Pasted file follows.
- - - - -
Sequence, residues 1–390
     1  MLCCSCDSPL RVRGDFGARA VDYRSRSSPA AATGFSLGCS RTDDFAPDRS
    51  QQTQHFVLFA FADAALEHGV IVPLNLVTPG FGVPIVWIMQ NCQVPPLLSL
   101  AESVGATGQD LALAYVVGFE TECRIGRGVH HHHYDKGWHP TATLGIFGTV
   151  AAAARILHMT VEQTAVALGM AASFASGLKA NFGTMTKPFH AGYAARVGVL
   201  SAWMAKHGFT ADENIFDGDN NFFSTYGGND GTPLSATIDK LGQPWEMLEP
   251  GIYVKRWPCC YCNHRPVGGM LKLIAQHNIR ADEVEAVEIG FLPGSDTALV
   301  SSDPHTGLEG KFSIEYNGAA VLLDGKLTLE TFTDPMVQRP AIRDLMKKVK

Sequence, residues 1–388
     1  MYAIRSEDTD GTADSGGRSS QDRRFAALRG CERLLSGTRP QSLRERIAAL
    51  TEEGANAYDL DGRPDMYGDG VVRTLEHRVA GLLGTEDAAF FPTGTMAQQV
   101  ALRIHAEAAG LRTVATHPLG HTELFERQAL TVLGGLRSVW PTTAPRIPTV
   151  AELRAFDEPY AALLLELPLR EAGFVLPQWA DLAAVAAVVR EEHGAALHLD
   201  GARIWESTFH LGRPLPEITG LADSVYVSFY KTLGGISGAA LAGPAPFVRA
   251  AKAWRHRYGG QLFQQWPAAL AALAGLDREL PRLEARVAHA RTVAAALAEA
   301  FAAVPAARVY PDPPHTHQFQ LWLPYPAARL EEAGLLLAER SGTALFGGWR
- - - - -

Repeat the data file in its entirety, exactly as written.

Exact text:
Sequence, residues 1–390
     1  MLCCSCDSPL RVRGDFGARA VDYRSRSSPA AATGFSLGCS RTDDFAPDRS
    51  QQTQHFVLFA FADAALEHGV IVPLNLVTPG FGVPIVWIMQ NCQVPPLLSL
   101  AESVGATGQD LALAYVVGFE TECRIGRGVH HHHYDKGWHP TATLGIFGTV
   151  AAAARILHMT VEQTAVALGM AASFASGLKA NFGTMTKPFH AGYAARVGVL
   201  SAWMAKHGFT ADENIFDGDN NFFSTYGGND GTPLSATIDK LGQPWEMLEP
   251  GIYVKRWPCC YCNHRPVGGM LKLIAQHNIR ADEVEAVEIG FLPGSDTALV
   301  SSDPHTGLEG KFSIEYNGAA VLLDGKLTLE TFTDPMVQRP AIRDLMKKVK

Sequence, residues 1–388
     1  MYAIRSEDTD GTADSGGRSS QDRRFAALRG CERLLSGTRP QSLRERIAAL
    51  TEEGANAYDL DGRPDMYGDG VVRTLEHRVA GLLGTEDAAF FPTGTMAQQV
   101  ALRIHAEAAG LRTVATHPLG HTELFERQAL TVLGGLRSVW PTTAPRIPTV
   151  AELRAFDEPY AALLLELPLR EAGFVLPQWA DLAAVAAVVR EEHGAALHLD
   201  GARIWESTFH LGRPLPEITG LADSVYVSFY KTLGGISGAA LAGPAPFVRA
   251  AKAWRHRYGG QLFQQWPAAL AALAGLDREL PRLEARVAHA RTVAAALAEA
   301  FAAVPAARVY PDPPHTHQFQ LWLPYPAARL EEAGLLLAER SGTALFGGWR